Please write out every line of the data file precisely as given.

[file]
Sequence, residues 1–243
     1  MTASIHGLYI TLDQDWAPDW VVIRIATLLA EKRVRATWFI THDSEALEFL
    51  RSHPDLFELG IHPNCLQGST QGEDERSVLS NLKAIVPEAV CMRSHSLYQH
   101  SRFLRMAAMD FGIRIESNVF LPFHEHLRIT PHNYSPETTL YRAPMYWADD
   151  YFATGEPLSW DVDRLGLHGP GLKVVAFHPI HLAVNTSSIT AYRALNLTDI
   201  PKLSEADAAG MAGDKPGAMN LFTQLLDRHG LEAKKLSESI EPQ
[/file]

Sequence, residues 1–243
     1  MTASIHGLYI TLDQDWAPDW VVIRIATLLA EKRVRATWFI THDSEALEFL
    51  RSHPDLFELG IHPNCLQGST QGEDERSVLS NLKAIVPEAV CMRSHSLYQH
   101  SRFLRMAAMD FGIRIESNVF LPFHEHLRIT PHNYSPETTL YRAPMYWADD
   151  YFATGEPLSW DVDRLGLHGP GLKVVAFHPI HLAVNTSSIT AYRALNLTDI
   201  PKLSEADAAG MAGDKPGAMN LFTQLLDRHG LEAKKLSESI EPQ